Konya Travel Guide
Whirling dervishes are one of the cultural icons of Turkey. Their capital: Konya. Here, Rumi, one of the most significant Sufi Muslims ever, lived his life.
Apart from this, you’ll find a wealth of artifacts stretching back to the Neolithic Era, and ancient villages.
Come check out our Konya travel guide as we cover the best things to do in Konya, Turkey.
Begin your visit to Konya by spending an hour or two at the Mevlana Museum. First and foremost, it is a mausoleum for Jalal ad-Din Muhammad Rumi, a Sufi mystic from Persia. Known as Rumi for short, his poetry has transcended national boundaries and the ages. According to a BBC report in 2014, journalists revealed that Rumi was the best-selling poet in that country.
The site became significant in the 13th century. After Rumi’s father died, Sultan ‘Ala’ al-Din Kayqubad offered up his rose garden as a final resting place. In 1231, Rumi passed away and was buried beside his father.
Not long after, Hüsamettin Çelebi, Rumi’s understudy, advocated for the building of a mausoleum for his master. Additions through the centuries included teaching space for Sufis, a kitchen, and a mosque. In 1926, a decree transformed the mausoleum into a museum.
Today, you can tour most of the rooms in this complex. However, know that this is a spiritually significant place. As such, take care to dress respectfully – this means covering your knees and shoulders.
Also, be sure to pick up an audio guide on entry. As a foreigner, many of the sights here will be lost on you. By picking up this aid, you’ll gain insight that you would otherwise miss.
Next, make your way over to the Konya Archaeological Museum. This facility opened at the turn of the 20th century to house artifacts unearthed in the region. In particular, many of the items come from the ancient city of Çatalhöyük. This settlement was among the oldest cities on Earth, as it was settled from 9,000 to 7,000 years ago.
In addition to Neolithic Age items, you’ll find artifacts from the Bronze Age straight through to the Byzantine period. Amidst all the pottery and bronze knick-knacks, check out the sarcophagi. Their creators carved these elaborate coffins in the Roman Era. Around its fringes, you’ll note a detailed relief that pays tribute to the labours of Hercules.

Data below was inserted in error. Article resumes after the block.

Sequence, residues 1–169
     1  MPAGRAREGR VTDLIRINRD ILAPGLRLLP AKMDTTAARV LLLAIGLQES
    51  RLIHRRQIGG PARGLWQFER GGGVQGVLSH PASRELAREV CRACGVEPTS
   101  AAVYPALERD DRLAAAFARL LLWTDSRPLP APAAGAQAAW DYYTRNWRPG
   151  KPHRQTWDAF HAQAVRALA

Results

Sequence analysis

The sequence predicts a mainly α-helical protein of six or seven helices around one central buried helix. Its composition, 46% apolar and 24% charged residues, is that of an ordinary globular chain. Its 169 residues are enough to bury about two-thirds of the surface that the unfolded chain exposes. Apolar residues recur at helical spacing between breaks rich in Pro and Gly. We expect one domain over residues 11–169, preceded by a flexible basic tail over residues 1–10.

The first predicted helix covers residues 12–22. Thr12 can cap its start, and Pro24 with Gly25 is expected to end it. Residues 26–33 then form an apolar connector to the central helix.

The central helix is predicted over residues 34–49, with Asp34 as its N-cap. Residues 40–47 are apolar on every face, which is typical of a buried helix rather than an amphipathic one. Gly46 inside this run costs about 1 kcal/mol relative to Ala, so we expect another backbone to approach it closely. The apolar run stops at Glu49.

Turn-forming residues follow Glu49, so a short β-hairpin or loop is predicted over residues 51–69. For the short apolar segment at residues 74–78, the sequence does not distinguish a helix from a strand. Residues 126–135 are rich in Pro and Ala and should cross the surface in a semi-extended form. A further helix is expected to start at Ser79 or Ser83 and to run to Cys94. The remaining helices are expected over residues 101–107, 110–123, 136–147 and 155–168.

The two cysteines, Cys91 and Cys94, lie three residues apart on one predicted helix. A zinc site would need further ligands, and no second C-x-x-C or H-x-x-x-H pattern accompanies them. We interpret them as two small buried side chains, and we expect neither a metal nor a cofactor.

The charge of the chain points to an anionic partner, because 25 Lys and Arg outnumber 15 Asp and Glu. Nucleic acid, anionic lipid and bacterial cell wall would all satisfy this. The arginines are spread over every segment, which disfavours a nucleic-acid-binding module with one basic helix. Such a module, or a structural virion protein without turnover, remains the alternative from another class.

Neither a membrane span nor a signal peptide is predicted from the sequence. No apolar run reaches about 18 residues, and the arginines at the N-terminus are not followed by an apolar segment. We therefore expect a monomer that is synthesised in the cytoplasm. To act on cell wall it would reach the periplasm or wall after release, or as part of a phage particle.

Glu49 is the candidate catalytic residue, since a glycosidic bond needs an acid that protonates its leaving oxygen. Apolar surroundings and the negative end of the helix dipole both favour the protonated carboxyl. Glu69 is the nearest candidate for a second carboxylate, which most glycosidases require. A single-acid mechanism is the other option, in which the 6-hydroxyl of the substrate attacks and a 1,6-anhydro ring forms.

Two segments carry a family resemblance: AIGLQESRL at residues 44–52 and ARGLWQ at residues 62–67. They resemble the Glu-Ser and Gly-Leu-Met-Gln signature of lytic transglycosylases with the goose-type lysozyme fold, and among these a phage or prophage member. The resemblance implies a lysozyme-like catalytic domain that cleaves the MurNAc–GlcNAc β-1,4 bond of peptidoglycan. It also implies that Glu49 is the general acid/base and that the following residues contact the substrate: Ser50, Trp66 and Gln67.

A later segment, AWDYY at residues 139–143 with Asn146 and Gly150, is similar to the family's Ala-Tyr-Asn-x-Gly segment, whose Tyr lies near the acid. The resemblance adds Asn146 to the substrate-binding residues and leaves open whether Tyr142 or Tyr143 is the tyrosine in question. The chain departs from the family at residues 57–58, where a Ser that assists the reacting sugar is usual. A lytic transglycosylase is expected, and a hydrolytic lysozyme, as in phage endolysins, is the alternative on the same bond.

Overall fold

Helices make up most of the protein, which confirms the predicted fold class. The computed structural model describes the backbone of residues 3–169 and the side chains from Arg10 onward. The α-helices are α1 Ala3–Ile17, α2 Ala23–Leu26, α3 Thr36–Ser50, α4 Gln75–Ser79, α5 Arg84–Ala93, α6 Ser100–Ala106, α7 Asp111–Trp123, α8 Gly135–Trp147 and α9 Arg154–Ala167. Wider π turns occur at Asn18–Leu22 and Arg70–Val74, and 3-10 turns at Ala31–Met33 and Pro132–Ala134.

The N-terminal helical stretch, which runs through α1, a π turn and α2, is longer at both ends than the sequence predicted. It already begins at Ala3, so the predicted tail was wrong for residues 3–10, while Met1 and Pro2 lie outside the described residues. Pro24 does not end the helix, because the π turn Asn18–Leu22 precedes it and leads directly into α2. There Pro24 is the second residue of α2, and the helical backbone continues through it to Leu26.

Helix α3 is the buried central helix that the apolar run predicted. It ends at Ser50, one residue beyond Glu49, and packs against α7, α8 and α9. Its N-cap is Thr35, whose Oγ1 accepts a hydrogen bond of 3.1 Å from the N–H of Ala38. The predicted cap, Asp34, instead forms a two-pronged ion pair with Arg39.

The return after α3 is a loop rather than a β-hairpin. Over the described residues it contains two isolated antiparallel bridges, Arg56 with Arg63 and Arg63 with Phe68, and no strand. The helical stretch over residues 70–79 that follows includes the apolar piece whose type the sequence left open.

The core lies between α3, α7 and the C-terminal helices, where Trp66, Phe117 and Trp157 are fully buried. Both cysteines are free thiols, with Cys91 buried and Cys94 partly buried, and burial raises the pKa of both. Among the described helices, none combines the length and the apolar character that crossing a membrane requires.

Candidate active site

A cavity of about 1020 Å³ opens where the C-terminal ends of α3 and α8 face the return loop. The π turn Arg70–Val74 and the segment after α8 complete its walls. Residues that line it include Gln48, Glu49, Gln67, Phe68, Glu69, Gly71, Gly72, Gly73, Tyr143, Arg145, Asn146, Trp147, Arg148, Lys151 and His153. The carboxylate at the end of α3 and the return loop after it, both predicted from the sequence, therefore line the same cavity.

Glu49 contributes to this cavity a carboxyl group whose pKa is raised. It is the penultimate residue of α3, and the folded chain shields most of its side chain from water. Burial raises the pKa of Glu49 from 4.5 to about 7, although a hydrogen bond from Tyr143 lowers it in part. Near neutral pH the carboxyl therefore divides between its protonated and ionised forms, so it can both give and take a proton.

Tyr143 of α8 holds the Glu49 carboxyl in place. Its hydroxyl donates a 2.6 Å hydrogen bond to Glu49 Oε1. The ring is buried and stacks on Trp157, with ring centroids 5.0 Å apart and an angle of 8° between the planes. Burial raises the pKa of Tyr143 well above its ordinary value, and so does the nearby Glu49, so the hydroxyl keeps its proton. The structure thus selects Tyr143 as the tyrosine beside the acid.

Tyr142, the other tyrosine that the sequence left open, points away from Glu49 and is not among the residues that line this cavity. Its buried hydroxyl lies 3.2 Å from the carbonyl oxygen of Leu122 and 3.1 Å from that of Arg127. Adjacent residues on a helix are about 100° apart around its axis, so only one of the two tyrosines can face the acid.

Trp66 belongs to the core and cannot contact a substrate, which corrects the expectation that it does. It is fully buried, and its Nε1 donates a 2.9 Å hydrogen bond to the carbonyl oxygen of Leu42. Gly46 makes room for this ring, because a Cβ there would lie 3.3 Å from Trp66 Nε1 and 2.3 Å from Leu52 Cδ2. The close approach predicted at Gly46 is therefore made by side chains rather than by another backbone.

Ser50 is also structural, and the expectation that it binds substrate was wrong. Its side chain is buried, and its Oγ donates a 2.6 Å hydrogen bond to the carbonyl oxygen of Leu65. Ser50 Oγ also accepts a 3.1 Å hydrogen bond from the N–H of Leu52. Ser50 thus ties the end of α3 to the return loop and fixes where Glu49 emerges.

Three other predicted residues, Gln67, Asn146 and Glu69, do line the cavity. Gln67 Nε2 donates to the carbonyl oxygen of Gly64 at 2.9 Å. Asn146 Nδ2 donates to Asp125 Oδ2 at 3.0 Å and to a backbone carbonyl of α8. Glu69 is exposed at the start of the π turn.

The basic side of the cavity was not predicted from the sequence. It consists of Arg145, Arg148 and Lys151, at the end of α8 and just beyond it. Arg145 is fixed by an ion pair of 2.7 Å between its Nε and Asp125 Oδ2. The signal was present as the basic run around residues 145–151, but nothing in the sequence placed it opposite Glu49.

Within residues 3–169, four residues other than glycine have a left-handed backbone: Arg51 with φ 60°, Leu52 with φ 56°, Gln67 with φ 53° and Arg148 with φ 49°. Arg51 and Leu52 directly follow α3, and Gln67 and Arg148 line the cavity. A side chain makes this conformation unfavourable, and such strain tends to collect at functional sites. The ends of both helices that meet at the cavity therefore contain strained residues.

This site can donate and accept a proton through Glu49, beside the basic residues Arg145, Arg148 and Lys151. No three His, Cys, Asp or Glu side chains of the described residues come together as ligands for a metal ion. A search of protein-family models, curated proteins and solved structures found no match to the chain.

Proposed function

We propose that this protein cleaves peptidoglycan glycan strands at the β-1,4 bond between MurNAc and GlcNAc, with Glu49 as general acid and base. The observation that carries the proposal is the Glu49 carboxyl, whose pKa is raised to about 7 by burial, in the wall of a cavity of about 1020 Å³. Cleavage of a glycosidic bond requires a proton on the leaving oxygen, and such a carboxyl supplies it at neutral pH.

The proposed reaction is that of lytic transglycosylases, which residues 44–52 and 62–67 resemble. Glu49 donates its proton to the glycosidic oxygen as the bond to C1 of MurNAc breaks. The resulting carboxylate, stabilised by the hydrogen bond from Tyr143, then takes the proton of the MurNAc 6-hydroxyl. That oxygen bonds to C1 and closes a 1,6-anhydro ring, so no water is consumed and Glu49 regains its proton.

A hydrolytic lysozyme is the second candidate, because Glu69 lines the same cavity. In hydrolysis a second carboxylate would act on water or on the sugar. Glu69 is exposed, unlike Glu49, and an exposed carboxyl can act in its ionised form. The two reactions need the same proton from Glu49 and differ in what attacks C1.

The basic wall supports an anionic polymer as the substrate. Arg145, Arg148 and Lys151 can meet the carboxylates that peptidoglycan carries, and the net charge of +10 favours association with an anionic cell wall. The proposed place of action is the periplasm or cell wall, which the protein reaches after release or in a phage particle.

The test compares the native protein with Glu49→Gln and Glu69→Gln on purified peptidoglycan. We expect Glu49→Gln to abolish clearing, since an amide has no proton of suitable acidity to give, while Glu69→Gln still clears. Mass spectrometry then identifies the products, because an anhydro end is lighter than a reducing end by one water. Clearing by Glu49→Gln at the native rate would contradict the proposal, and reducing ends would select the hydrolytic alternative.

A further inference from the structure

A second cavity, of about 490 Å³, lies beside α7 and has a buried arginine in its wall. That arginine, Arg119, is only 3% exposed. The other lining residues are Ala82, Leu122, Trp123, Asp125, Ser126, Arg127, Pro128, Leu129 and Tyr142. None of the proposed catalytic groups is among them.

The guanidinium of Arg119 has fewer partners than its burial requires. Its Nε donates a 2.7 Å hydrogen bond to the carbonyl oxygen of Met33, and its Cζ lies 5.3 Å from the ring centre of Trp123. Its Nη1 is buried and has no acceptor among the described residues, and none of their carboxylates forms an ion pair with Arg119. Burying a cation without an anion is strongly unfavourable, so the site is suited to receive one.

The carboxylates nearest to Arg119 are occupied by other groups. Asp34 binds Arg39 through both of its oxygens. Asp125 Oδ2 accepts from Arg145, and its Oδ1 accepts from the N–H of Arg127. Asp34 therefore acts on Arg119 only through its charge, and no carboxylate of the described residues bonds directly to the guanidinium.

If you’re looking for a masjid to check out while in Konya, drop by the Aziziye Mosque. Built during the Ottoman Era, this structure mixes in Baroque influences with the local architectural style. After touring this structure, spend some time enjoying some hospitality in their on-site tea house.
If you have time for a day trip in Konya, be sure to visit the village of Sille. For countless generations, this little settlement stood apart from the rest of the region. Until 1922, its residents spoke a Cappadocian dialect of Greek. At that time, the residents left their homes for Greece, amid turbulent times.
It marked a change from eight centuries of tolerance and acceptance. Rumi witnessed a miracle in this place. As a result, he instructed his fellow Turks not to harm the people of Sille.
Not long after the abandonment of the village, steps were taken to preserve it. Today, it remains much as it was when people last lived here. In particular, the cave dwellings are most of interest. On the way out, have an enjoyable meal at one of its cafes or restaurants.
Lake Tuz, by far, is the most significant natural sight in the Konya area. It is a hypersaline lake that ranks among the saltiest in the world. Shallow at its wettest, much of it dries up in summer. At this time, locals mine salt from its surface. Come during winter, though, and you’ll see flamingoes, who thrive along its shores.
Take a break and enjoy choice views of Konya from Alaeddin Hill. While its primary function is green space, it is also home to a number of structures. These include a mosque and an old palace. Sadly, those visiting soon will not get a chance to visit, as it’s presently being renovated.
Looking to take a break in an urban environment? Spend some time in Meram Baglari. Canals with baby-blue water crisscross this ancient Konya neighbourhood. Throughout, you’ll find cafes and restaurants overlooking this remarkable sight.
If you’re travelling as a family, make time to visit the Konya Tropical Butterfly Garden. As the name suggests, this attraction is home to over 150 species of butterfly. It’s a stark contrast to its surroundings, as its interior remains at 26 degrees Celsius year-round.